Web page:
Friday, January 4, 2019

Young Robert Heinlein sounds like RAW


Alec Nevala-Lee's Astounding is pretty exciting for a science fiction fan, but Robert Anton Wilson fans might be interested, too.

I hope you enjoy synchronicities, because I ran into one this morning after I got out of bed.

When Robert Anton Wilson was interviewed by New Libertarian Notes, he talked about his love for the work of Robert Anson Heinlein: "Heinlein has been an idol to me for more than 20 years. He can do no wrong, no matter how much he loves wars and hates pacifists. (I'm the kind of anarchist whose chief objection to the State is that it kills so many people. Government is the epitome of the deathist philosophy I reject.)" Wilson was well aware of the coincidence of their middle names; in The Universe Next Door, which features alternate universes, Wilson's byline is given variously as "Robert Anton Wilson" and "Robert Anson Wilson" and Heinlein's The Man Who Sold the Moon is (approvingly) mentioned in the text.

I have been reading Astounding: John W. Campbell, Isaac Asimov, Robert A. Heinlein, L. Ron Hubbard, and the Golden Age of Science Fiction by Alec Nevala-Lee. For an old science fiction fan like me, it's kind of like reading the backstory behind classic anthologies such as The Science Fiction Hall of Fame Vol. 1, edited by Robert Silverberg. And as you can tell from the title, it's not just about John Campbell Jr. and Astounding Science Fiction magazine -- the reader learns a lot about Asimov, Heinlein and Hubbard. ("Jack Parsons" appears many times in the index, but I haven't gotten to that part yet.) (When I was in high school, Asimov probably was my favorite author. I didn't know about his hobby of grabbing and manhandling every woman within reach at SF conventions until many years later.)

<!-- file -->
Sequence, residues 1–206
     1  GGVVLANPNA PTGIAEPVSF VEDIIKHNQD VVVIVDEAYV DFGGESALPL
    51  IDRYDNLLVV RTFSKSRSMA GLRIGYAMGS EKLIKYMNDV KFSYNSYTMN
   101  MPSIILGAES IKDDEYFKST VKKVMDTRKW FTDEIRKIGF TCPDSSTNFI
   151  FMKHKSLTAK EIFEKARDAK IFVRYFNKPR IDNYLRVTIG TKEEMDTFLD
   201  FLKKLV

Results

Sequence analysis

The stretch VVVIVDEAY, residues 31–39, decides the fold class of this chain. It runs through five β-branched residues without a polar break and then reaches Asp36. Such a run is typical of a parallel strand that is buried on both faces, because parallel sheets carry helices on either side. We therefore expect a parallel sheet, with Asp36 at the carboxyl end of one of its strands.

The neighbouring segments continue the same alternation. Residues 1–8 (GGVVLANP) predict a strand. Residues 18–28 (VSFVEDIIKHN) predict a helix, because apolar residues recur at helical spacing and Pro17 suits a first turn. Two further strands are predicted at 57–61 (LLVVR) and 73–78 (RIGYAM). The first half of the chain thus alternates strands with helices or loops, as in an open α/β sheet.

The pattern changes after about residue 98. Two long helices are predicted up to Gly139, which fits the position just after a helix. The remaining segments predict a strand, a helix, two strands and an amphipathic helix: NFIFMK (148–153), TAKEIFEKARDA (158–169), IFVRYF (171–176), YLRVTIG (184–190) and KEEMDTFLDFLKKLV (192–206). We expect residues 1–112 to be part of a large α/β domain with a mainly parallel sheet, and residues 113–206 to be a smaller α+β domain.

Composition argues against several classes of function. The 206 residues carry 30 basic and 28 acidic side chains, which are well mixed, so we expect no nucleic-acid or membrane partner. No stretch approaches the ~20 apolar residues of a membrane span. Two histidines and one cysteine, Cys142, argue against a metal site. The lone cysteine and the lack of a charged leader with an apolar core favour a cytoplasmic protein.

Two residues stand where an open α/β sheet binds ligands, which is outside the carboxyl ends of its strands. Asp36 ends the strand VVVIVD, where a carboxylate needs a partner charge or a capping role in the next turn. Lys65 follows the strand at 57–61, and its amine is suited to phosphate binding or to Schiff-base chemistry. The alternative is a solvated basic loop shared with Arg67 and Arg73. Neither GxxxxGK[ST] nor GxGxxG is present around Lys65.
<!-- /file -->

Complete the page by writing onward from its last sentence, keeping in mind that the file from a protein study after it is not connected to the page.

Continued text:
Yesterday, I read chapter 5, "The Analytical Laboratory 1938-1940," and I noticed several observations about Heinlein, early in his SF writing career, which might interest Wilson fans. Heinlein became interested in General Semantics and Alfred Korzyzski, Nevala-Lee writes, explaining that Korzybski is best known for his aphorism, "The map is not the territory." An early unpublished novel, For Us, the Living, was structured "around his interest in a proposal for a universal basic income." An early novella, "If This Goes On--" featured a character warning that Americans need to "wake up" from their conditioning:  "The American people have been conditioned from the cradle by the cleverest and most thorough psychotechnicians to believe in and trust the dictatorship which rules them ... " (pages 110-114)

But getting back to what happened when I got out of bed. I had made up my mind to write about Astounding last night. When I got up and went through my morning ritual of moderating comments on the blog, I was "astounded" to see that  "Alec" had left a comment to yesterday's post. He wrote:

Glad to hear that you're enjoying Astounding!. I'm not sure if you knew this, but I'm a big RAW fan:

https://nevalalee.wordpress.com/2018/07/16/the-illuminatus/